Moral Tribes: Emotion, Reason, and the Gap Between Us and Them

Moral Tribes: Emotion, Reason, and the Gap Between Us and Them - Joshua Greene Even though almost all of the books and science experiments cited within the text I have heard elsewhere through other Audible books and lectures, I still found this book edifying since the author, a philosopher, knows how to explain complicated science better than most science writers by explaining complex thoughts into easy digestible pieces and can tie the story together with an overriding narrative.

All knowledge about our place in the universe goes from the particular to the group and the group to the population. As for the development of our moral understanding the author argues similarly our moral understanding goes from "the me" to "the us" and "the us" to "the other". Homo Sapiens developed a method to get us out of our pure solipsism by allowing us to understand there is an advantage in cooperation within our closest group and that there will be competition between the us and the them.

The author's main thesis in the book is defending Utilitarian philosophy (or as he sometimes calls it deep pragmatism), a system of philosophy which starts with the premise the overall happiness should be maximized. He uses the 'trolley problem' and breaks it down and shows how some of our brain states correlate with his thesis of 'automatic mode' verse 'manual mode', intuition v. reason.

I'm in the minority in the trolley problem. I never would have turned the switch in the first version, and I definitely would not drop the man onto the tracks to save lives in the second version. That made some of the givens the author gives not so clear cut for me.

Overall I am an Utilitarian (after all I'm in general for anything which Ayn Rand despised as much as she did Utilitarianism), but the author really doesn't end the argument. Ultimately he's begging the question in how he defines happiness. I think that almost everyone thinks that their belief system leads to the greatest happiness overall. We always rationalize (at least I do) our beliefs that way. Adolph Hitler rationalized his acts and claimed that the world would thank him for what he did. It's the rare person who wants to create harm overall just for the sake of creating harm. We always rationalize and fill in the blanks within our own mind (the author will even say that in the text and cite some research that supports that).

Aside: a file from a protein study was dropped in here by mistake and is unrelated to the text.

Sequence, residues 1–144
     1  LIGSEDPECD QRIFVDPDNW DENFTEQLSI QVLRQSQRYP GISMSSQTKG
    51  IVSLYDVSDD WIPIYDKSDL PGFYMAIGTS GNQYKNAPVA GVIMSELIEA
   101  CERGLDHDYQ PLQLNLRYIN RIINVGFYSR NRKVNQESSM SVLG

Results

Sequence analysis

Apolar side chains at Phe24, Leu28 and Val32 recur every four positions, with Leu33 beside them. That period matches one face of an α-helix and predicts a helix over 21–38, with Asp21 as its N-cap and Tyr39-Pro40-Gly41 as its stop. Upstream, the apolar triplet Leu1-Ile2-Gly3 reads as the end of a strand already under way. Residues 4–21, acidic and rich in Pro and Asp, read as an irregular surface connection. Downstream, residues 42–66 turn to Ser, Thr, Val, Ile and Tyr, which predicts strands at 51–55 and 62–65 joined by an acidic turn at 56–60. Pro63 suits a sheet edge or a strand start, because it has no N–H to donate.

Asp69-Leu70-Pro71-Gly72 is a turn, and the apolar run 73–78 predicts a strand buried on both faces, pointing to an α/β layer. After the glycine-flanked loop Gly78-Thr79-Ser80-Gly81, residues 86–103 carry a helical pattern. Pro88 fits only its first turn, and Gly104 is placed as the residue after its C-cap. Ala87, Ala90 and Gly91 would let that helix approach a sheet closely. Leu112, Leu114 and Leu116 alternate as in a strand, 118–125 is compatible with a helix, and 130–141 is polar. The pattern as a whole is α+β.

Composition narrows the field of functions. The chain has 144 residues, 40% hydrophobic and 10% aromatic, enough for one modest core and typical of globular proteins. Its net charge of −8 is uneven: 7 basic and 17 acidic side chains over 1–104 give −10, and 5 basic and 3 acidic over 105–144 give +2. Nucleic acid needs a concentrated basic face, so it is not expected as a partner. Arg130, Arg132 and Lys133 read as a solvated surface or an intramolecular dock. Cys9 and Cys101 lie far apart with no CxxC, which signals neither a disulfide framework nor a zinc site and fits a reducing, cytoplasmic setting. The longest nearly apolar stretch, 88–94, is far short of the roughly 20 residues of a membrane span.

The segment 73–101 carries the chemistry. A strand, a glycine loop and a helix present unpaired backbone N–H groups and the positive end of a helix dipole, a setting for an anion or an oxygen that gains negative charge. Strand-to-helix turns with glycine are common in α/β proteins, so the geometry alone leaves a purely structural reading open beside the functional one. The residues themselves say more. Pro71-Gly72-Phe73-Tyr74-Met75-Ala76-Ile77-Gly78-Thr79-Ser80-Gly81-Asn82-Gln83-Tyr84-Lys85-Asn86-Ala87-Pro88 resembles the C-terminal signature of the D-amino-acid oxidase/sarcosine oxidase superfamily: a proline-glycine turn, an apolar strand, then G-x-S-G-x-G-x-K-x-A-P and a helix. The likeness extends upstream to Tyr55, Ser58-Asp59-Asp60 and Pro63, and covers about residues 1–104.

This book is a real find for anyone who hasn't read much in this field. He links all the science with multiple philosophies and gives a great narrative like a good philosopher should. I think the author always tries to be fair when he dances around political differences. But, he did one thing that really irritated me. He calls those who deny the truth about climate change "climate skeptics'. That's just a misuse of the word 'skeptic'. Skeptics will keep an open mind and look at the data and the story that abduction (inference to the best explanation) tells. People who don't accept climate change do not deserve the respect the word 'skeptic' connotes.

In summary, the book is a very good book, well explained, good science and provides a good way to think about morality through the lens of Jeremy Bentham and John Stuart Mills. I don't think he proves utilitarianism is the ultimate philosophy but he gives good arguments while it might be the best overall.